Abstract 41: Initial Hyperoxia Is Associated with Survival in Postarrest Patients Enrolled in the PATH Database
Introduction: During and after resuscitation from cardiac arrest, patients often receive supplemental oxygen with high FiO2. Recent human data suggest that arterial hyperoxia within hours after resuscitation is associated with worse outcomes. We hypothesized that neurologically intact survivors would more likely be normoxic rather than hyperoxic or hypoxic.
Methods: Retrospective chart review of post-arrest patients treated with therapeutic hypothermia (TH) in the Penn Alliance for Therapeutic Hypothermia (PATH) database from 11 institutions. Demographic variables were analyzed using chi-square tests. Data were collected at first arterial blood gas (ABG), and 12 hrs, 24 hrs, 36 hrs, and 48 hrs post arrest. Logistic regression was performed to assess the relationship between initial hypoxia (PaO2 300 mmHg), mortality, and neurologic outcome.
Results: We enrolled 179 patients with mean age 59.6 ± 16.4 yrs, 54% male, and 31% of initial rhythms were VF/VT. Sixty-six (37%) survived to discharge; and 50/66 (76%) had good neurologic outcome (cerebral performance category 1 or 2). An increasing percentage of PaO2 values were in the optimal range at consecutive times (51% 0 hr; 82% 12 hrs; 90% 24 hrs; 93% 36 hrs; 92% 48 hrs). Survivors had significantly higher initial PaO2 values than non-survivors (242 vs. 187 mmHg; p=0.03). When controlling for initial rhythm and gender, initial hyperoxia (> 300 mmHg) was associated with improved survival relative to normoxia (OR 2.07, 95% CI 0.98-4.36, p=0.055) while initial hypoxia did not affect outcomes (OR 0.63, 95% CI 0.23-1.70, p=ns). Thirty percent (54/179) were hyperoxic at time 0 and 39% (21/54) of them survived with good neurologic outcome. No significant association was found between oxygen status and neurologic outcomes (hyperoxia (OR 1.89, 95% CI 0.83-4.32, p=ns); hypoxia (OR 0.91, 95% CI 0.30-2.77, p=ns).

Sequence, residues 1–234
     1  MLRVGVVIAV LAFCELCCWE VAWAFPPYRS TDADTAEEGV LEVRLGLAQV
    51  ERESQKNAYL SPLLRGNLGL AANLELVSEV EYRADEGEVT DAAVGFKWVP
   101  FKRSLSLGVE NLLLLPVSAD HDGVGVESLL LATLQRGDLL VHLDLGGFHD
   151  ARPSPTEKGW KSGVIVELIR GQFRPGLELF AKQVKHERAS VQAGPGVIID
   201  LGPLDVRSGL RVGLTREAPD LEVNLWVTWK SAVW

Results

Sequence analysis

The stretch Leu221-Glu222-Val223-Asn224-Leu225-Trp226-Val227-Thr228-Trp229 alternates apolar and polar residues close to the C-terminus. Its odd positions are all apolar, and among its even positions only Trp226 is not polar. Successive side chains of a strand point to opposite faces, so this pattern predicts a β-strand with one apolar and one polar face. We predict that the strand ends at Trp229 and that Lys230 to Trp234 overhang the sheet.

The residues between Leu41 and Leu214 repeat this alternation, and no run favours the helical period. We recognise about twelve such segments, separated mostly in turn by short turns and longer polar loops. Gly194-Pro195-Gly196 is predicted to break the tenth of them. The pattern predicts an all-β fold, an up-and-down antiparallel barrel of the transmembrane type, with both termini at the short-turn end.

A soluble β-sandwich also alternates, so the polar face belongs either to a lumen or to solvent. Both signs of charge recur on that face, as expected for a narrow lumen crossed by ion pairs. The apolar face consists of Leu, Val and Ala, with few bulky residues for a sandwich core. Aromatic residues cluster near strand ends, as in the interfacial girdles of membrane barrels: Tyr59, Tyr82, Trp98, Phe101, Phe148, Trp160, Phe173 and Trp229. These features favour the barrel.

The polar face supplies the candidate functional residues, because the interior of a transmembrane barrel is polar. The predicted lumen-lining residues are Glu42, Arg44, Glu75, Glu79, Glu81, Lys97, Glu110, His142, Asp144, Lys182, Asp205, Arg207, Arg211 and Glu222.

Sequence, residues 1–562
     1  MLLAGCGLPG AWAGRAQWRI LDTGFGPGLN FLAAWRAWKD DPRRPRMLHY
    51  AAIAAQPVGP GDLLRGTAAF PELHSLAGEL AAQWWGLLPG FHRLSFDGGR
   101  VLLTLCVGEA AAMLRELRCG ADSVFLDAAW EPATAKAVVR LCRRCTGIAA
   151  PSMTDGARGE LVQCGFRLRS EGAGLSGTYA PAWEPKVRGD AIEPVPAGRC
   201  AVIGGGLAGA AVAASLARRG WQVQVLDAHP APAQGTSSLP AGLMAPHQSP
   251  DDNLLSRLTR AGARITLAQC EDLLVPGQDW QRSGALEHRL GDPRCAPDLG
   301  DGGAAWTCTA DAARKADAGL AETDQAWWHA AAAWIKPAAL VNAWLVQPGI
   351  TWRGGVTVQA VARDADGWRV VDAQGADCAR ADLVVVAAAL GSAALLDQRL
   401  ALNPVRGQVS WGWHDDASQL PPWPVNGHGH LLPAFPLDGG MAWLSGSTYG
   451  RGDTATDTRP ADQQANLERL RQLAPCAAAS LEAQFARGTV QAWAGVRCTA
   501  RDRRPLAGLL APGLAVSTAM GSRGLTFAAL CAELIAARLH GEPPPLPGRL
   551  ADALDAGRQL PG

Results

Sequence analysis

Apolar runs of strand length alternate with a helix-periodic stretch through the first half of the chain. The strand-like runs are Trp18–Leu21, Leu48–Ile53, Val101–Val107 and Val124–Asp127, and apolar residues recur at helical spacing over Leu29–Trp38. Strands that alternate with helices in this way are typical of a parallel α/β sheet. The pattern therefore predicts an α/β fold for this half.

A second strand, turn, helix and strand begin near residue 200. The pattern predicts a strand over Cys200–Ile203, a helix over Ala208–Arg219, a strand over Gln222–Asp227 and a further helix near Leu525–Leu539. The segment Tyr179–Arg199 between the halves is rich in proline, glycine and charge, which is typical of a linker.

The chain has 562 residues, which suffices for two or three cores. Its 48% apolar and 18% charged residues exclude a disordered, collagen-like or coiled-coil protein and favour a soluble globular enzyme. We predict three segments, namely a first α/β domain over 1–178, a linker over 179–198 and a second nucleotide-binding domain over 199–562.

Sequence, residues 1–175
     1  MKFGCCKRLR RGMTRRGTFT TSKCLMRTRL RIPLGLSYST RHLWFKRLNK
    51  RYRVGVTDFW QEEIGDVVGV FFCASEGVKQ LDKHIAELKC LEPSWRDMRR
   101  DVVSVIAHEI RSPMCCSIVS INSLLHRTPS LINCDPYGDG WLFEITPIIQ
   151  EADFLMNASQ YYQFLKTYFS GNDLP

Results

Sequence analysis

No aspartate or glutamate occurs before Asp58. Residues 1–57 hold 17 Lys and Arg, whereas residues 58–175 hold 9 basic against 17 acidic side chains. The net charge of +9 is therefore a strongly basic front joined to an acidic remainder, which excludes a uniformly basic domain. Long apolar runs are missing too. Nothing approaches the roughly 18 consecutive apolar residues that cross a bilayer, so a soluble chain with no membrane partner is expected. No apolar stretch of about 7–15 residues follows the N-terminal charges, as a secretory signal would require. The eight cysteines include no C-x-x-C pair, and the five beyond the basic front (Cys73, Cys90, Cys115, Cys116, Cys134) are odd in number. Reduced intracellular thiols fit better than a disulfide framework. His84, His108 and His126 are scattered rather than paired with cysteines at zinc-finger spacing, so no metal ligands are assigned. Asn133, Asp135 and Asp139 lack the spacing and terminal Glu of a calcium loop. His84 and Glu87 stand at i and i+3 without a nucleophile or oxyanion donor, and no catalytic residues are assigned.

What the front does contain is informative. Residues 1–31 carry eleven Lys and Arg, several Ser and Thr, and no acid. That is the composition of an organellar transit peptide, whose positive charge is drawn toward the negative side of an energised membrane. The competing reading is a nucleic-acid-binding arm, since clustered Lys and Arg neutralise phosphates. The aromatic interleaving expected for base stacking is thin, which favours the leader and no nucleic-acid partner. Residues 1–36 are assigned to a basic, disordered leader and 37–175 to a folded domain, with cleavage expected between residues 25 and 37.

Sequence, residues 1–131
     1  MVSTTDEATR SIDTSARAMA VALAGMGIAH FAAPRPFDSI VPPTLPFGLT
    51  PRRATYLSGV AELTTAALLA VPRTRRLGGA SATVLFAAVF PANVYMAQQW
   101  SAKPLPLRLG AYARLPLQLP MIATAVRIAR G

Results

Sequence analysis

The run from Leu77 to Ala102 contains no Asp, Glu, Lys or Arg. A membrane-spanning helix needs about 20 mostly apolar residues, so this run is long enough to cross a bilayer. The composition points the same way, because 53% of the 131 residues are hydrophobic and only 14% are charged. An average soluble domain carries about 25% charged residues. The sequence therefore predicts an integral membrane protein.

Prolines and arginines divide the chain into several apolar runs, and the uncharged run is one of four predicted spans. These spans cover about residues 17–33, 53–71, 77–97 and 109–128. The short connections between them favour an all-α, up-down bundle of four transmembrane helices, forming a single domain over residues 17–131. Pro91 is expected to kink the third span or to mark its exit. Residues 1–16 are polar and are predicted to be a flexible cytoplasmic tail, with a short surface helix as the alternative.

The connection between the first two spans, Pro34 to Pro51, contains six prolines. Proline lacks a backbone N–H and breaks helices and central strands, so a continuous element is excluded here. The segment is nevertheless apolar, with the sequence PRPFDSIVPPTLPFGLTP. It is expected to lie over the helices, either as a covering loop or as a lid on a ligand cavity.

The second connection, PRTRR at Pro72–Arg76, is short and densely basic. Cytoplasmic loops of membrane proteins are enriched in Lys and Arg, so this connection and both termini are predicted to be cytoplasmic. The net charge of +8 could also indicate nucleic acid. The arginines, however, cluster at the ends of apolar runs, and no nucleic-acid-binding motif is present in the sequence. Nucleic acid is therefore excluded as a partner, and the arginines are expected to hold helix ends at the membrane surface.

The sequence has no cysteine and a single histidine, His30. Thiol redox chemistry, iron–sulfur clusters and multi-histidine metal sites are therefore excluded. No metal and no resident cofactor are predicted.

Conclusions: Increasing percentages of patients had arterial oxygen levels optimized after ROSC. Increased survival was shown in patients with hyperoxic initial PaO2 values when compared to normoxic values. There was no relationship between the arterial oxygen values and neurologic outcomes post-arrest.
- © 2012 by American Heart Association, Inc.